Ten steps to wedding floral fabulousness

Words by Ann Russell

If the only flowers you normally buy are a quick bunch of daffs from the supermarket on Mother’s Day, prepare yourself for a shock: wedding flowers are a whole other ballgame. Not only is there far more choice, there’s also a substantial cost involved. But there are plenty of ways to get more for your money without losing any of the impact that beautifully arranged flowers can make.

 East Kilbride’s Flower Design Studios worked classic calla lilies into timeless bouquets for this wedding

East Kilbride’s Flower Design Studios worked classic calla lilies into timeless bouquets for this wedding

1. Set the Date

Start at the beginning and get a date in the diary before setting your wedding plans in motion. “Most florists only take on one wedding per day, and brides often forget to include the all-important date in their initial email,” says Isla Duncan of Isla Duncan Florist in Kintore, Aberdeenshire.

It’s worth doing some homework, looking at varieties and colours to see if any particular type of bloom catches your eye. “Before approaching a florist, do some online research and investigate local florists in your area,” advises Rowena McEwan, owner of Glasgow’s Showers of Flowers.

2. Make a connection

Choosing a florist is like dating – you’ll meet lots of people along the way then suddenly click with the right match. Make the perfect connection by meeting your florist in person. “It’s so important that you gel with your florist and feel confident in their abilities,” says Isla. “Any florist worth their salt will know what’s available in the month of your wedding and which flowers work well together, and will suggest flowers to suit your personal style.”

The all-white background really helps these colourful centrepieces stand out in this room set-up by Interflora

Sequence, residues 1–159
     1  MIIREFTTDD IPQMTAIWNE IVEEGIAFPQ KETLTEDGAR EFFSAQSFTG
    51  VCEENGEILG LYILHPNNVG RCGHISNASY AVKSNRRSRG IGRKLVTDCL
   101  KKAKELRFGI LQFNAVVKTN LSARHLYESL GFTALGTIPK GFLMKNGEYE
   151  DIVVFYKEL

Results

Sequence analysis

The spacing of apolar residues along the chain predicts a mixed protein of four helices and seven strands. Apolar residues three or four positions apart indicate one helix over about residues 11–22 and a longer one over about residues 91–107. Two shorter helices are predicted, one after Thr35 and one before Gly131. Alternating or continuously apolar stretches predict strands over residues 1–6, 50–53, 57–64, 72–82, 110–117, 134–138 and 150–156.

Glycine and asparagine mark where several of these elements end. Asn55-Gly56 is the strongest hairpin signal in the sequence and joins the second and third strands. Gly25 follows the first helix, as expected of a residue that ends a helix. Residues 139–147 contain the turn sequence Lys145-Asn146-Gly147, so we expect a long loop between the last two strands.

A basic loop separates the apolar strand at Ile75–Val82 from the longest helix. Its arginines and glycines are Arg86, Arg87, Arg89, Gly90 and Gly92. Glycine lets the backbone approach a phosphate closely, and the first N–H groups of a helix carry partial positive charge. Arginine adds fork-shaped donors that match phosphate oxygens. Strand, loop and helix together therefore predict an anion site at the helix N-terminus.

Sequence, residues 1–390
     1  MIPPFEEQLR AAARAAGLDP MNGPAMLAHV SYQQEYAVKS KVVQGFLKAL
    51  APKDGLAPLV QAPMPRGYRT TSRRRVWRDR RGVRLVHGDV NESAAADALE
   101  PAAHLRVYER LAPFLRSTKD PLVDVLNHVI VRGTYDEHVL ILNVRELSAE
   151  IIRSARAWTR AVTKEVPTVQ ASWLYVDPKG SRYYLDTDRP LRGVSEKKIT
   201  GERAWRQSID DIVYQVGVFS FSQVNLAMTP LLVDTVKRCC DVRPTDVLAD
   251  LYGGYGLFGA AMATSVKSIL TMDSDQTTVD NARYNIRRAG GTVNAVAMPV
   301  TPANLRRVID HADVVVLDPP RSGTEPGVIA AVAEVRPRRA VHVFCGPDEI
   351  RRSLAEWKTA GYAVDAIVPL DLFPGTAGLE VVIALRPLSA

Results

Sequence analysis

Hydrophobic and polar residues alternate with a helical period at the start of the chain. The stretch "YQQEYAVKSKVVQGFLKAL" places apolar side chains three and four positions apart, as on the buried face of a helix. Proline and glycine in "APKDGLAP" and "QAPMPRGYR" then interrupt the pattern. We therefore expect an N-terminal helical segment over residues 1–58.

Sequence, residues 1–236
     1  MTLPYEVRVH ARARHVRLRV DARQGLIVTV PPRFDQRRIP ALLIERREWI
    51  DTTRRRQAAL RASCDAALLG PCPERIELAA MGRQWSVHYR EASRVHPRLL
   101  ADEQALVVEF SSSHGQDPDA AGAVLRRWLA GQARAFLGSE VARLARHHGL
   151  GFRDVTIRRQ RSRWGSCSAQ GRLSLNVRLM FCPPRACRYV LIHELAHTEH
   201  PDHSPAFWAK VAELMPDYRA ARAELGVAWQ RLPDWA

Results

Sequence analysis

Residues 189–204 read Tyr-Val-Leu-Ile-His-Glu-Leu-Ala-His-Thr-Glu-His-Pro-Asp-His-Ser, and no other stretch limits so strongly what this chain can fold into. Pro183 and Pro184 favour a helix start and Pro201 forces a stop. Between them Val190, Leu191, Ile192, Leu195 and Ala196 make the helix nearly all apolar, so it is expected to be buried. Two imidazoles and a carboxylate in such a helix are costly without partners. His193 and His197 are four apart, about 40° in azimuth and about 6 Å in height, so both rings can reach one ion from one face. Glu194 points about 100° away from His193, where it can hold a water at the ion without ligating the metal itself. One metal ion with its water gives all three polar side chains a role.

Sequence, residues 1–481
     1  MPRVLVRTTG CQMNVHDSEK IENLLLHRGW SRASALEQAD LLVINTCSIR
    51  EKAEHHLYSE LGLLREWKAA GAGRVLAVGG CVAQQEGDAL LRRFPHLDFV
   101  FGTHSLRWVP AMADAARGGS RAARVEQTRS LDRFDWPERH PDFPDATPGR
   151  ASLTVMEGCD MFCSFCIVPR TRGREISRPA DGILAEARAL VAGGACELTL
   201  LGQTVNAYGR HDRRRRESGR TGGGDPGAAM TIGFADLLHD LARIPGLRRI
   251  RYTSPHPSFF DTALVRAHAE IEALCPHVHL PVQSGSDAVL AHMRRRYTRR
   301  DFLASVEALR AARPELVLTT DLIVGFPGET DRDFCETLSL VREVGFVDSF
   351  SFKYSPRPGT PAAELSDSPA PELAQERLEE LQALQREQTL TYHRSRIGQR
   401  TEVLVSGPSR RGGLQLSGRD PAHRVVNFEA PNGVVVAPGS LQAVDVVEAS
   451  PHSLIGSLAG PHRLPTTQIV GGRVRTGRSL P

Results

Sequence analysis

The all-white background really helps these colourful centrepieces stand out in this room set-up by Interflora

3. Visualise the prize

Most of us aren’t well versed in floral terminology, so asking your florist to show you visual examples of previous arrangements can make your decision much easier. Rowena has this advice: “Ask your florist to make up a mini version of your bouquet to give you an idea of what it might look like. Ask yourself if the colours and flowers work together. The last thing we want is an unhappy bride on her wedding morning.”

4. Share your style

Securing flowers and finding your wedding gown often happen simultaneously, so share the details of your dress with your florist – it’ll help them to picture your complete bridal look. “The floral style we eventually go for is often determined by the dress,” says Isla.

Don’t feel you have to stick to the rules. A top table for two carpeted in flowers? Yes please!

Don’t feel you have to stick to the rules. A top table for two carpeted in flowers? Yes please! (interflora.co.uk)

“Soft lace gowns suit natural, floaty arrangements, while a trailing shower bouquet works well with a long narrow dress as it takes the eye from the centre of the dress straight down to the floor.”

Rowena agrees: “Everything is themed to complement your dress rather than overpower it. So if you’re able to give us a swatch of material from the gown, it helps us to match your flowers tonally.”

5. Size up your centrepieces

When planning table decora­tions, think about the guests’ eye level when they’re seated. “The most popular centrepieces are either very high or very low, because you never want an obstruction in the middle of the table,” says Rowena.